Still, Sandberg is personally revealing in other ways that make her far more accessible than so many reviewers have let on. She gained 70 pounds in her first pregnancy and had morning sickness the whole nine months. She got married at 24 and was divorced a year later. It took her a year to find a job in Silicon Valley. She’s been the subject of sexist comments, such as the client who wanted to set her up with his son. She’s cried at work (many times, apparently). And throughout her life and career, she confesses to having felt at times like an imposter. She admits, repeatedly, to worrying too much about being liked.
Sandberg may have resources most of us could only dream of, making it hard to identify with some of the passages about work-life balance (a phrase she knocks, thankfully). But for professional women — who are clearly the book’s audience — many of the other revealing personal stories she shares do make her book a relatable and, yes, likeable read.
>>What did you learn? Sandberg’s book is chock-full of demographic, social science and workplace research that feels overly familiar at times. But she also includes a number of surprising studies that make for perfect cocktail party talk, as well as provide inspiration for changing the way we think. For instance, she writes about a 2008 study that found that when girls are reminded of their gender before taking a test — even by simply checking an “M” or an “F” at the start of the exam — they don’t perform as well. Disturbing. And who knew that the U.S. Census Bureau calls it “care” when fathers watch the kids while the mother is at work, yet when mothers do the same it’s simply “parenting”? It also considers mothers the “designated parent” when both mommy and daddy are present in the home.
And for any working moms who feel guilty about not spending enough time with their kids, Sandberg provides some illuminating — and reassuring — figures. In 1975, stay-at-home mothers reported spending an average of 11 hours a week on primary child care, while those employed outside the home said they spent six hours doing the same. Twenty-five years later, as expectations have risen for how involved parents should be in their kids’ lives, employed mothers reported spending 11 hours on childcare. So in a sense, working moms today are spending just as much time with their kids as the stay-at-home moms of yesteryear did.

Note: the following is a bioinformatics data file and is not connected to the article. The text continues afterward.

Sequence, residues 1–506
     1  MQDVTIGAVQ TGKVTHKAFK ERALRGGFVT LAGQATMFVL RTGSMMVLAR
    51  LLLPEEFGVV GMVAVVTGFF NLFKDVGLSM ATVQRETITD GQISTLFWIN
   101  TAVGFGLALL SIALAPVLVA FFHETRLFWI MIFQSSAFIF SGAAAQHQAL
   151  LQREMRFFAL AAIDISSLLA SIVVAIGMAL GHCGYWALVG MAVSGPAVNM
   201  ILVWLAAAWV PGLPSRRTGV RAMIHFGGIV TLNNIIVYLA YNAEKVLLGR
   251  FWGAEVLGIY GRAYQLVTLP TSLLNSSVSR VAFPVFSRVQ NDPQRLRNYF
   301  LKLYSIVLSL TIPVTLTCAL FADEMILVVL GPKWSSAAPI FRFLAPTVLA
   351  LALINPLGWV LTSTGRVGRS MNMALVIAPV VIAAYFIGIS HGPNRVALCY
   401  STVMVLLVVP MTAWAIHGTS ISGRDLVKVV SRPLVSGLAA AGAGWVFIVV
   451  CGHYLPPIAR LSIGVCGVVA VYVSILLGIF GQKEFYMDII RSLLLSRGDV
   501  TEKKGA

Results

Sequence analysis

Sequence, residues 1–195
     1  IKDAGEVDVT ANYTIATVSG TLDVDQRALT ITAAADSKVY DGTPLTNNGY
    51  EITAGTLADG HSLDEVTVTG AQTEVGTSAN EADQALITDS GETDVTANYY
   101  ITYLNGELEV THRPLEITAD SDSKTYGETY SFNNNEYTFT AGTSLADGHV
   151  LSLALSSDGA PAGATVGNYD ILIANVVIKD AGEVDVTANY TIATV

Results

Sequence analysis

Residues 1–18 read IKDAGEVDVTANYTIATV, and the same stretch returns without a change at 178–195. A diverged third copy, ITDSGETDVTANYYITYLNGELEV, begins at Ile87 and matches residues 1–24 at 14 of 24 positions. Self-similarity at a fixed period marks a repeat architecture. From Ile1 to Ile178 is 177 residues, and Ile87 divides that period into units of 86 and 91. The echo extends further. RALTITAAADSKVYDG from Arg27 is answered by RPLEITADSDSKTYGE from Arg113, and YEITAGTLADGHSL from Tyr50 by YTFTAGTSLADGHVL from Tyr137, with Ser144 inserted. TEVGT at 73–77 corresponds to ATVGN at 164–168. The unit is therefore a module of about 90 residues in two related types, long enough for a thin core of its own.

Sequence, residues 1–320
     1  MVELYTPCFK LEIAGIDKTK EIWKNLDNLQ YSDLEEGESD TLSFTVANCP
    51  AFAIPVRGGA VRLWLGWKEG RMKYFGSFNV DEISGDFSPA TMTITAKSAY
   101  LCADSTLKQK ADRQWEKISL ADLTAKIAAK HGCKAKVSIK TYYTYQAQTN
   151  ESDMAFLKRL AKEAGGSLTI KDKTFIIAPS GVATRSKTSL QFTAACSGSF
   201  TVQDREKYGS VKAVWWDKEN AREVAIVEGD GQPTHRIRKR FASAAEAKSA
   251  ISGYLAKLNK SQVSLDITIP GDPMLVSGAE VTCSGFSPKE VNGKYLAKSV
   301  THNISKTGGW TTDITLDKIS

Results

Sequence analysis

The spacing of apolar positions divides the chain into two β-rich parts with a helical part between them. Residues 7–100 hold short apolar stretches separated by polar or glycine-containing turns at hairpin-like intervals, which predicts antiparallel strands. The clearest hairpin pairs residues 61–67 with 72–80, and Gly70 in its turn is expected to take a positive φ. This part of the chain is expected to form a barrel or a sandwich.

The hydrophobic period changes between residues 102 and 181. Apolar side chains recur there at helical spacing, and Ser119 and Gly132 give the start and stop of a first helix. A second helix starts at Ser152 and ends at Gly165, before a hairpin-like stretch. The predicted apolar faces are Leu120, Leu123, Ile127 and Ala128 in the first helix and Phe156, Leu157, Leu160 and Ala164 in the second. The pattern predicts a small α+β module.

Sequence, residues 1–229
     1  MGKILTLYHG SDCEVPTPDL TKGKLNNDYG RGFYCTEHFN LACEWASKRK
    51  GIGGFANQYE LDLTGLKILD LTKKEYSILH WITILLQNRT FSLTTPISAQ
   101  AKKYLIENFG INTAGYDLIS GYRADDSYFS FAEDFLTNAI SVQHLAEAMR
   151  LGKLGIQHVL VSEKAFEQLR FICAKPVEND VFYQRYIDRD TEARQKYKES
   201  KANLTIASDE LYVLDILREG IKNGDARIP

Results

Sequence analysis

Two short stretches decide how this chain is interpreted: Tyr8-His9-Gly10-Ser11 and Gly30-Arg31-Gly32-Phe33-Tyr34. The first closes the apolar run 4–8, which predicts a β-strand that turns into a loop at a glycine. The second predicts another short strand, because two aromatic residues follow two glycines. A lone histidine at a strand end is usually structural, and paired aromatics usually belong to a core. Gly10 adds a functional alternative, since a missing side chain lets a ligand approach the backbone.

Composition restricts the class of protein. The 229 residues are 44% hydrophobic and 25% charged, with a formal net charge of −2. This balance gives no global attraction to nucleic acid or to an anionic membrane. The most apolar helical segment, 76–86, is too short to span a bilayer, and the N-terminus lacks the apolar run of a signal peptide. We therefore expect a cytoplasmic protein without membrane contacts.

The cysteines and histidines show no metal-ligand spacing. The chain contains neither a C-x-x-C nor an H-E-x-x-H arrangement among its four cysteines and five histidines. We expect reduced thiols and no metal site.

>>So would you recommend it? Sandberg’s book has its flaws, but at 173 pages it’s a quick read that’s worth it — if you have the time. Yes, the working-mom stories sometimes felt off key. I’ve never heard a breast pump that sounds like a fire truck (as Sandberg described hers to her colleagues) and the example of the executive who asked her boyfriend to join her on a work trip to Sao Paulo will resonate with only a few. For many women not in the managerial ranks, logging back on after dinner after leaving work at 5:30 isn’t “flextime” (as Sandberg calls her schedule), it’s overtime. And I’m not sure how comfortable I’d feel if a senior executive — male or female — asked me whether I was considering having a baby, a tactic Sandberg advocates.